Before we get into this blog we'd like to clarify that this isn't some magic cheat sheet to get your blue belt, rather a truncated guide on where to focus your efforts when seeking your promotion to blue belt.
Additionally, another point worth making is that you define the belt, and not the other way around.
You don't get a blue belt you become a blue belt.
So let's get into it then!
Although there's no fixed criteria for all of Jiujitsu, it tends to be something like;
1. skill level
4. time at belt.
They're in no order of importance as some are valued higher by coaches than others.
You might be the nicest guy/girl in the world who shows up everyday for a long stretch, but if you purely lack the skill then there's no feasible way you can represent a belt appropriately.
Or, you might be a destroyer.
Tapping everyone including some higher belts, you show up everyday and clean up everyone. But are you a douche about it? Do you put yourself above your training partners?
Chances are you're going to get held back until that attitude gets adjusted.
Anyway, let's have a look at what each criteria means and what to put effort into.
1. Skill level
Personally, when rolling with blue belts I can never make them stuck anywhere significantly. What this tells me is that at some point a white belt should know two escapes from every position and be able to shift between them as necessary.
Add to this two guard passes and two go-to submissions and we've got some serious skill banking up.
This criteria is nether here nor there and forms a grey area. However, there are some obvious points to your attitude in the gym.
For one, don't gloat about tapping someone and don't complain that someone tapped you.
Don't go 100% on someone smaller than you and then complain when someone larger does the same.
Don't act above those of the same rank.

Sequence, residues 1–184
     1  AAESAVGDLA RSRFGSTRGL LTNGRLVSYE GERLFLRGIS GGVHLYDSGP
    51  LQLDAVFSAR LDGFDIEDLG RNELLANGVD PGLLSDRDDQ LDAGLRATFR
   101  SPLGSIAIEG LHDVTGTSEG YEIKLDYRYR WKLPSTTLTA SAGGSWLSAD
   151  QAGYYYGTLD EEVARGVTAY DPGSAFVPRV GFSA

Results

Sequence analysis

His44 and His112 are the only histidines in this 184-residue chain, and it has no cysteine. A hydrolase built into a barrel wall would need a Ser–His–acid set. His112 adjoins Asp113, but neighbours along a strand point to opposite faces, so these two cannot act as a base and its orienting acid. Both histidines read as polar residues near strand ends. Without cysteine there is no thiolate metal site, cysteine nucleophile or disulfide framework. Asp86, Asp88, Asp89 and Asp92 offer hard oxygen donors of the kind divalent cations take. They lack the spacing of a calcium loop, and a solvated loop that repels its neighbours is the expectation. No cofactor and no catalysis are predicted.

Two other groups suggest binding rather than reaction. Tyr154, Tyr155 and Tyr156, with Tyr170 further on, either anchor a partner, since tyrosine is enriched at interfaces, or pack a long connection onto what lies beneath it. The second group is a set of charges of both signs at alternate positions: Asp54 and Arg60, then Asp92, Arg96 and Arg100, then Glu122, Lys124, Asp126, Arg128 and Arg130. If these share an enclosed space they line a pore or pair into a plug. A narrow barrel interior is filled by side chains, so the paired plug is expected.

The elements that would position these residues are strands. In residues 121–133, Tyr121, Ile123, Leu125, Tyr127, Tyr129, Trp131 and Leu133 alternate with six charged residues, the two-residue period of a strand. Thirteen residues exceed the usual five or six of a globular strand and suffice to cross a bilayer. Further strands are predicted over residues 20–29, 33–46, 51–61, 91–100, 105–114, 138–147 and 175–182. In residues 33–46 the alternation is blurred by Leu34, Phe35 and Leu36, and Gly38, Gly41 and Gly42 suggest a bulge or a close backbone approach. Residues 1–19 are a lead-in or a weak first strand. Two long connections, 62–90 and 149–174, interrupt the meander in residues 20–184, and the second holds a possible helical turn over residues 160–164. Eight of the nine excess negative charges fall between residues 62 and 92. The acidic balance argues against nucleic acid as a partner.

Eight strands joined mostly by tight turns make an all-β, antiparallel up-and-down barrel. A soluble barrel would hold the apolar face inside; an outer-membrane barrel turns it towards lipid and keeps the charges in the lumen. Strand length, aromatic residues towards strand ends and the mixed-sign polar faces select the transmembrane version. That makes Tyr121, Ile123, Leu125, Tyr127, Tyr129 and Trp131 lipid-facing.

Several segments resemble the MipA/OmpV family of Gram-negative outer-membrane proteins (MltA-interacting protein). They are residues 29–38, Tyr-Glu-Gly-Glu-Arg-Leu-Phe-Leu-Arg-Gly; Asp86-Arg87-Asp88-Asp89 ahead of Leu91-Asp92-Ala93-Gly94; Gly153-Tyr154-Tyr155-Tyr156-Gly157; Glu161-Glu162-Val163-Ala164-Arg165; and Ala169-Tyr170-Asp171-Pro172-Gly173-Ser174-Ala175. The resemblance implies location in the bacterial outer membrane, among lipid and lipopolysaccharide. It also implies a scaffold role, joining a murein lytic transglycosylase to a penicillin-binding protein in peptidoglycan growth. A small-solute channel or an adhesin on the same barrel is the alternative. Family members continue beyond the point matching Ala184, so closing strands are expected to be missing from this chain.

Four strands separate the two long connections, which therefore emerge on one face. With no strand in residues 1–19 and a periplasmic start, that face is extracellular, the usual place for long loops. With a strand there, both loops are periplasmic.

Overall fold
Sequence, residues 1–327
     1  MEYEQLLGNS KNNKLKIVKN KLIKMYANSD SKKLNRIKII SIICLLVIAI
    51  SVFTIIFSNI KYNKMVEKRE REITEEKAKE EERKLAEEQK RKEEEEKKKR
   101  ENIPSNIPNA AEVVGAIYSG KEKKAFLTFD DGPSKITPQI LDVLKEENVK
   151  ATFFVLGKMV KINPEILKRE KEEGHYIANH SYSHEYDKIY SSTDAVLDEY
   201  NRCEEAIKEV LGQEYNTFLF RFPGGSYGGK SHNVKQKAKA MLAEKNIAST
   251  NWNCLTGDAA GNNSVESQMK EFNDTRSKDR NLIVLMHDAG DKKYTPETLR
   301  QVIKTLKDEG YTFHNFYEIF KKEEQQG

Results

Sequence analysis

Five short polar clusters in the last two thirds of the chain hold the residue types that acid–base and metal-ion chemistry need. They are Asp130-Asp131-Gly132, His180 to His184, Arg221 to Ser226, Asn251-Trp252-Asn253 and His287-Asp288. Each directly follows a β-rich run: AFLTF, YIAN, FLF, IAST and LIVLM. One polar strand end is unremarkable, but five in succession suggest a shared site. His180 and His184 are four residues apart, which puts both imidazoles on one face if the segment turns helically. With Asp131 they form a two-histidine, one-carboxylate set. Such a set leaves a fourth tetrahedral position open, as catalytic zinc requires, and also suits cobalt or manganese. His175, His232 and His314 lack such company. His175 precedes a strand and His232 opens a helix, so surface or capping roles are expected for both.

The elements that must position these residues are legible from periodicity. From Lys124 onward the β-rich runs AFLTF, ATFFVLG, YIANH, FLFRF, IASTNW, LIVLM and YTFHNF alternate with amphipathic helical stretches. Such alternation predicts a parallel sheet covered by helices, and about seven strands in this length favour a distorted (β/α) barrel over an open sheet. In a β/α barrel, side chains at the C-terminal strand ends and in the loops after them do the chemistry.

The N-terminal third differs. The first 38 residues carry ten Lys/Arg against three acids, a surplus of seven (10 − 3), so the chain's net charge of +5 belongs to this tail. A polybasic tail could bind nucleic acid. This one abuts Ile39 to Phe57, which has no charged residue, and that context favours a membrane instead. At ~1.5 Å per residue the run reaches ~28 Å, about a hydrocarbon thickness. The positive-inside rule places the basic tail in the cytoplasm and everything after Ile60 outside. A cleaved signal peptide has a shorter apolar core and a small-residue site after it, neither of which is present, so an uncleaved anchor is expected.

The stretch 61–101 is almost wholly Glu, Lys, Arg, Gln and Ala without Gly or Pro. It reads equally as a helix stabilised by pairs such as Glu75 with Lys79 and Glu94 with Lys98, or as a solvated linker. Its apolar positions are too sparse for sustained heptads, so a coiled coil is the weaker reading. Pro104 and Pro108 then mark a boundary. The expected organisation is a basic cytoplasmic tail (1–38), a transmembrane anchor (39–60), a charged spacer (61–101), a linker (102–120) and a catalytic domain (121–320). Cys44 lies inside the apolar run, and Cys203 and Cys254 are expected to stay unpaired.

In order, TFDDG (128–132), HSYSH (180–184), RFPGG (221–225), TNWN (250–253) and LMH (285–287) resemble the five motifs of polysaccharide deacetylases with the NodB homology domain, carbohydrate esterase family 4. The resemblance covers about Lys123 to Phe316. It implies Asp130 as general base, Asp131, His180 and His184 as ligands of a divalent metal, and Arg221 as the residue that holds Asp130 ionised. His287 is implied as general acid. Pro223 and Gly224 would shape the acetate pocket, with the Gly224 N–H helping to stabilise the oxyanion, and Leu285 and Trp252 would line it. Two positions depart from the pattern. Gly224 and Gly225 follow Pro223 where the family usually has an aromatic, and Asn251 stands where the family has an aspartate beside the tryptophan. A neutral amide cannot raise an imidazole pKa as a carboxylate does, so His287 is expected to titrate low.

That's a few "dont's" so here are some "do's"!
Do encourage others and thank them for their time whether it be technique, a roll, or a higher belt giving your advice. Ps: always thank your coach.
Do take someone getting the better of you in stride.
After all they are helping you develop and if it motivates you to do better next time where's the harm in that?
Do include others and refrain from only training with those who will benefit you. Help more than you are helped always.
Now the obvious is how often you're on the mat and from what I've gathered through experience and the knowledge of others is that you should ideally be spending upwards of 4 sessions a week training.
Now the other part to attendance is how often you're being mindful and training with purpose when you're on the mat.
Showing up is one thing, but doing something with that time is another.
4. Time at belt.
This fella is pretty obvious and there's some limitations involved with how soon you can expect your blue. Usually someone will stay at white for around a year at least before they get their blue, provided they are consistent and the other criteria mentioned above are present.
So if you wanna level up, get the 4 points in order and give it your best.
- Jake Anderson